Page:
Interventionism (politics)

Interventionism is a policy of non-defensive (proactive) activity undertaken by a nation-state, or other geo-political jurisdiction of a lesser or greater nature, to manipulate an economy and/or society. The most common applications of the term are for economic interventionism (a state's intervention in its own economy), and foreign interventionism (a state's intervention in the affairs of another nation as part of its foreign policy).[1]


The political government of a state decide actions of foreign intervention and foreign policy. Political interventionism can include methods such as sanctions on a foreign economy or international trade with similar results to protectionism, or other international sanctions through international cooperation decisions guarding international law or global justice. Political support or political capital, such as nationalism or ethnic conflict also decide foreign intervention actions such as occupation, nation-building and national security policies.


The objectives of a policy for foreign intervention can be philosophical, religious or scientific based on the different ideological foundations supporting the policy.

Example of objectives are national security, support for world government, scientific systemic concern of systemic bias in international relations theory, policy of balancing as a goal for balance of power in international relations or balance of threat.


International relations are developed through international cooperation and international organizations giving rise to military alliance, cooperation through a trade pact or development of a trade bloc. These can set common policies of foreign intervention through bilateralism or multilateralism, and international agreement on a treaty.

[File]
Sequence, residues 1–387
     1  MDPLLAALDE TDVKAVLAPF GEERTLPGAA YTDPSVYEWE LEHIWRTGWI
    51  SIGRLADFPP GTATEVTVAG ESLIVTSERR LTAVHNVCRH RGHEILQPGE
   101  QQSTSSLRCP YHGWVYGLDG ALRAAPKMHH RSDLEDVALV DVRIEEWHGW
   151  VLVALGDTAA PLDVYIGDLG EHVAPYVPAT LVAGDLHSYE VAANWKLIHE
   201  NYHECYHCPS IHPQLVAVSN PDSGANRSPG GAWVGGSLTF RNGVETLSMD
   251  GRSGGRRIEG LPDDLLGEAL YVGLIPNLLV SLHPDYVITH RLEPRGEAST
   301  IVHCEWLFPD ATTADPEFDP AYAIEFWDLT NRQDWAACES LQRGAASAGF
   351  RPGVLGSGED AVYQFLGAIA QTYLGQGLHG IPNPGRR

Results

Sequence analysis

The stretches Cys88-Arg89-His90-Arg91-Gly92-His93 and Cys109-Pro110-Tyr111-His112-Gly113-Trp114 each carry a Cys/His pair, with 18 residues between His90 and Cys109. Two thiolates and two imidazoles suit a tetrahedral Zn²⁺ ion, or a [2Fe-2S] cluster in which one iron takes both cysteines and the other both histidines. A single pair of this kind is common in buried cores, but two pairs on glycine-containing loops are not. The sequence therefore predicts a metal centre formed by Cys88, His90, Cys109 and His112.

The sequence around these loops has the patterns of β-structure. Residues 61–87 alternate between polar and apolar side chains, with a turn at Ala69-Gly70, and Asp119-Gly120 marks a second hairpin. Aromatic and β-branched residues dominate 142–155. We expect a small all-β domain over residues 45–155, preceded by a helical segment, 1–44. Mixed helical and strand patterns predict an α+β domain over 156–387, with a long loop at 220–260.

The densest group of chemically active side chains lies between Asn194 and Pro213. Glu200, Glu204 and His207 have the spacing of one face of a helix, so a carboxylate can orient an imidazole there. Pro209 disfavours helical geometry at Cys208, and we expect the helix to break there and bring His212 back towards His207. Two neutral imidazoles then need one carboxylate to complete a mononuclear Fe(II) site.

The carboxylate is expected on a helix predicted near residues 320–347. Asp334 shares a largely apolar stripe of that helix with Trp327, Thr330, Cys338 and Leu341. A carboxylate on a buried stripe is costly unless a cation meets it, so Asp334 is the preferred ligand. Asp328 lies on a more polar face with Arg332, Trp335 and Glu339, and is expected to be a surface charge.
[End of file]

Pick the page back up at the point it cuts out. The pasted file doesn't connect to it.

The development of international law is also done through international cooperation and organizations with implications for foreign intervention actions.


There are varying methods on foreign intervention from participants including government, military, international, corporate, religious and public efforts reflecting their respective objectives, interests and ideologies.

Foreign intervention methods that are physically passive and do not use violence are non-aggressive.


Non-aggressive methods include sanctions like economic sanctions, embargo, boycott, trade sanctions, political sanctions, international sanctions.

Additionally, media or information methods, including information warfare, propaganda, advertising, political symbolism, media democracy, and freedom of information may be used to gain political capital and support for political reform.

Publicly organized efforts such as the peace movement and nonviolence organizations are also part of this definition. These are sometimes undertaken by religious organizations.

United States military strategies like military operations other than war and Civil-Military Co-operation are examples of non-aggressive methods used to deal with asymmetric warfare in the War on Terrorism, as well as winning hearts and minds (Iraq)